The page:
LibraryThing member llandaff
Very well written. Especially enjoyable for those interested in Irish history. The first chapter didn't lure me in, but after chapter two I was hooked.
LibraryThing member TonySandel
Anthony MacMurrough grooms and sexually abuses a number of boys.
LibraryThing member ainjel
Here is a book I wanted to like more than I did.

Don't get me wrong, At Swim, Two Boys has some stunning lines that I could already imagine on a million tumblr edits. There was a lot of potential here and it hits a market that I think is highly lacking in literature (I'm talking historical queer romance). But...


Okay so first off, this is a hard book to read. The writing is, in many ways, very sophisticated and so it takes a while to get into the rhythm of it. It's stream-of-consciousness and flips between characters without hesitation. Plus, it's Irish and full of slang and such that I am entirely unfamiliar with. So the first 50 pages or so are rough, but then things start to get easier.

Second, I didn't care for, uhhhhhhhhh, about 50% of the story. I liked Doyler and Jim. I cared about Doyler and Jim. Everything else was background, and I found myself zoning out for page after page when it wasn't focused on them.

Third, okay, the romance was pretty good. It wasn't an idealized romance: it was rough and messy and felt very real and very era-appropriate. It was sweet and sad and fulfilling and I quite enjoyed that.

And fourth.... the ending was horrible.

H o r r i b l e.

It's the kind of ending you know is going to happen because you're not an idiot, but you're hoping the author has the guts to do something different, but he doesn't. He gives you exactly what you think he'll give you, and it's entirely unsatisfying. Yawn.

500 pages that should have been 200.

And that's that.
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LibraryThing member the_awesome_opossum
Within, despite, and because of the political unrest in Ireland which culminates in the Easter Uprising of 1916, Jim Mack and Doyler Doyle are drawn together as teenagers to revive a childhood friendship. Doyle's swimming lessons for Jim and the strong attachments that arise between them are two of the few constants in their lives otherwise marked by upheaval, uncertainty, violence, and marginalization. At Swim, Two Boys is a gay coming of age story, but it also exceeds either the genre of romance or bildungsroman by the political anxiety unfolding behind the boys that makes clear this is not only their story but that of their country and history.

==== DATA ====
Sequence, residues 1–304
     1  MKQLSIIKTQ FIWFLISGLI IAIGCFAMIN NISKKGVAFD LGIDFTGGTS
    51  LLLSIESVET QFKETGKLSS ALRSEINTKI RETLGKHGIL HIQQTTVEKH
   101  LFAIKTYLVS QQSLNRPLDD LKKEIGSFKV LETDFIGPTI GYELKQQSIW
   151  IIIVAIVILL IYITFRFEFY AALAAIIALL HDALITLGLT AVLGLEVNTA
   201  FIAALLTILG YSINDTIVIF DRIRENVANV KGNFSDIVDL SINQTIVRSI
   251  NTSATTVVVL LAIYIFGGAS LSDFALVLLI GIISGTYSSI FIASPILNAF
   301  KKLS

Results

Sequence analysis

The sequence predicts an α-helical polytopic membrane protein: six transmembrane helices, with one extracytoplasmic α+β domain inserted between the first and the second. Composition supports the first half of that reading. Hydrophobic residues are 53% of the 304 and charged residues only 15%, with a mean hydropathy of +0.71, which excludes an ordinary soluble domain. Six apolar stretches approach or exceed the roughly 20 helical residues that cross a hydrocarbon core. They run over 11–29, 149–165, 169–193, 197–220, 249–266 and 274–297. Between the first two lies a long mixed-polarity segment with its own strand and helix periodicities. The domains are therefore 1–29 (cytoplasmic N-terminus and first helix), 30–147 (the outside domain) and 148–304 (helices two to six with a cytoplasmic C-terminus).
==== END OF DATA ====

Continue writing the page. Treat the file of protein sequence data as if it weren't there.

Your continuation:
It is a story about going for broke for the sake of passion, the relative satisfactions of safety versus recklessness, and how to decide where to moor one's convictions and stabilities in a world without much solid ground. As we see the life of every character disrupted by the political build-up to the uprising, questions of loyalty and love themselves take on a dual meaning between the private and public spheres, between constructions of family and of patriotism.
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LibraryThing member autumnesf
Although the Irish aspect of this book was interesting, I don't enjoy the homosexual genre. If you do, its worth the read.
LibraryThing member charlie68
I'm divided on this one it is generally very good. The characters are lovingly expressed and the action vividly portrayed. The homosexual sex might be a turn off for a lot of people, in a movie would give it an R rating, I certainly found it gross. But the general story is quite good.
LibraryThing member JESGalway
Praised as “a work of wild, vaulting ambition and achievement” by Entertainment Weekly, Jamie O’Neill’s first novel invites comparison to such literary greats as James Joyce, Samuel Beckett and Charles Dickens.

Set during the year preceding the Easter Uprising of 1916—Ireland’s brave but fractured revolt against British rule—At Swim, Two Boys is a tender, tragic love story and a brilliant depiction of people caught in the tide of history. Powerful and artful, and ten years in the writing, it is a masterwork from Jamie O’Neill.

Jim Mack is a naïve young scholar and the son of a foolish, aspiring shopkeeper. Doyler Doyle is the rough-diamond son—revolutionary and blasphemous—of Mr. Mack’s old army pal. Out at the Forty Foot, that great jut of rock where gentlemen bathe in the nude, the two boys make a pact: Doyler will teach Jim to swim, and in a year, on Easter of 1916, they will swim to the distant beacon of Muglins Rock and claim that island for themselves. All the while Mr. Mack, who has grand plans for a corner shop empire, remains unaware of the depth of the boys’ burgeoning friendship and of the changing landscape of a nation.